Follow this link for a About Face PTSD videos on Youtube: 

Follow this link provided by the Defense Centers for Excellence – PTSD Fact Sheet. http://www.dcoe.mil/Libraries/Documents/DCoE_PTSDFactSheet_20140410.pdf

References

Carlson,E.B (PhD), & Ruzek, J.(PhD). (2014) PTSD and The Family. Retrieved from http://www.ptsd.va.gov/professional/treatment/family/ptsd-and-the-family.asp

Defense Centers of Excellence. (2015) PTSD Treatment Options.  Retrieved from http://www.dcoe.mil/PsychologicalHealth/PTSD_Treatment_Options.aspx

U.S. Department of Veterans Affairs.(2015). Promotional Materials and Tips to Raise Awareness. Retrieved from http://www.ptsd.va.gov/about/ptsd-awareness/promo_materials_awareness.asp


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Review of Tokens of Affection:Reclaiming your Marriage after Postpartum Depression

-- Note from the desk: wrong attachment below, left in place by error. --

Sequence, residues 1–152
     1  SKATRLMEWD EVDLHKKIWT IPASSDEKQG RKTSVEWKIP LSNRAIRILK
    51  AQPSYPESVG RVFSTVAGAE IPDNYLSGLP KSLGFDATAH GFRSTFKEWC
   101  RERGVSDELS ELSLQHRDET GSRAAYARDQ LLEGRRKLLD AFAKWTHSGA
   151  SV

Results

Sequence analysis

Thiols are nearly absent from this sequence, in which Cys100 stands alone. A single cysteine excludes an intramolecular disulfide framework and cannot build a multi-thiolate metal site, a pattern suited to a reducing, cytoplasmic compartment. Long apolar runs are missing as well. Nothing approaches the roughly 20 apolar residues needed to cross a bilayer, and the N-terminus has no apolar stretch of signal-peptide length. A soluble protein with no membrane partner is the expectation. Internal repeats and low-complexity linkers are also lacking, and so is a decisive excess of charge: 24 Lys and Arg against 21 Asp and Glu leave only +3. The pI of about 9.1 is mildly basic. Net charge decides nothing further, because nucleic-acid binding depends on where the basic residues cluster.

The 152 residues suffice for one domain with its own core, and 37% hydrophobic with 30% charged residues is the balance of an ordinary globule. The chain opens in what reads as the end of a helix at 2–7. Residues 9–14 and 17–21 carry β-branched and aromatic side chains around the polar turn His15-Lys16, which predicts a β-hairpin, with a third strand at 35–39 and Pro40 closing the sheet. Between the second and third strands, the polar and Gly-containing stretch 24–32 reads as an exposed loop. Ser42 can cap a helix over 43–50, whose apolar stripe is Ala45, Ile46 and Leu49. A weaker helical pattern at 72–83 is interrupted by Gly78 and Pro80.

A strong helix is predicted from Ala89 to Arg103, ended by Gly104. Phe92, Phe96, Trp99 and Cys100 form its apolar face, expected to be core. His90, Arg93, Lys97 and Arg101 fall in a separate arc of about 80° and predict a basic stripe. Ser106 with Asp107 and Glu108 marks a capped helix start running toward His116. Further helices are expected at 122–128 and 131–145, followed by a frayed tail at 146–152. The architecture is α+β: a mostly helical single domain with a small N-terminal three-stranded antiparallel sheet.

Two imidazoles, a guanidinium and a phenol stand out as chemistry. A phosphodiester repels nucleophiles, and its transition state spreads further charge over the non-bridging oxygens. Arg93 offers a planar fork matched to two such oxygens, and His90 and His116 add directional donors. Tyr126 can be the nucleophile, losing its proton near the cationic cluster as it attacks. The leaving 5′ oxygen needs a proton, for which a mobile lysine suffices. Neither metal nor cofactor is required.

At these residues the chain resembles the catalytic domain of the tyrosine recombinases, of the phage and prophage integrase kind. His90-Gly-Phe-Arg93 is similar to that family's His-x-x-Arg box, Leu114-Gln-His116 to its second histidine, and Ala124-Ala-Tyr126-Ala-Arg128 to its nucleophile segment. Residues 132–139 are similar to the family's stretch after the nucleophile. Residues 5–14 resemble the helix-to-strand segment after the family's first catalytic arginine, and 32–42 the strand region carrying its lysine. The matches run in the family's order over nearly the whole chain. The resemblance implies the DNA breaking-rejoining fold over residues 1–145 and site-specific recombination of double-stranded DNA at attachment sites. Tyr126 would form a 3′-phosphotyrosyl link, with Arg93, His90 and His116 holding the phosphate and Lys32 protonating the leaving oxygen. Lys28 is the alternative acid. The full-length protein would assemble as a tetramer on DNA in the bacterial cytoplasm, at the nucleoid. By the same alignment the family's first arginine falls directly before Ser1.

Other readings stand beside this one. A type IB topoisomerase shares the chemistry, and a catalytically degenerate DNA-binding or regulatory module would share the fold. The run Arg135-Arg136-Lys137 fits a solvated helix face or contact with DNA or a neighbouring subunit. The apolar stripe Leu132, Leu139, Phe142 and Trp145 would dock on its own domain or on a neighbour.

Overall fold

Tokens of Affection Amazing contribution by Karen Kleiman and Amy Wenzel who wrote “Tokens of Affection: Reclaiming Your Marriage after Postpartum Depression”. As a clinician, I am particularly impressed with the emphasis on giving one partner permission to use the tokens of affection to work on their marriage, even if one partner is not ready. We mostly see women in therapy who benefit from the skills mentioned in this book, but it will enlighten their perspective on their marriage. It is so important to note that the author addressed the fact that working on your marriage is not easy, but there is hope and with the right support and commitment your marriage will be much better. The tokens mentioned in the book included Esteem, Compromise, Selflessness, Sanctuary, Expression, Tolerance and Loyalty which provides guidance for couples to work on forgiveness, resentment and frustrations. As couples, we must be gentle with ourselves and each other. Each person’s perspective will mislead us into a turmoil of frustrations. We all have a choice to be mindful of our thoughts and behaviors. We must protect ourselves and our significant others. The ripple effect of life and the unknown circumstances that creeps up on our lives are never-ending. However, we must adapt to the changes that comes our way. I would definitely recommend this book for couples who are simply recovering from the aftermath of postpartum depression and need to reconnect their relationship. Annmarie Wilson L.P.C-IT https://thehealingjourneycounselingfl.com/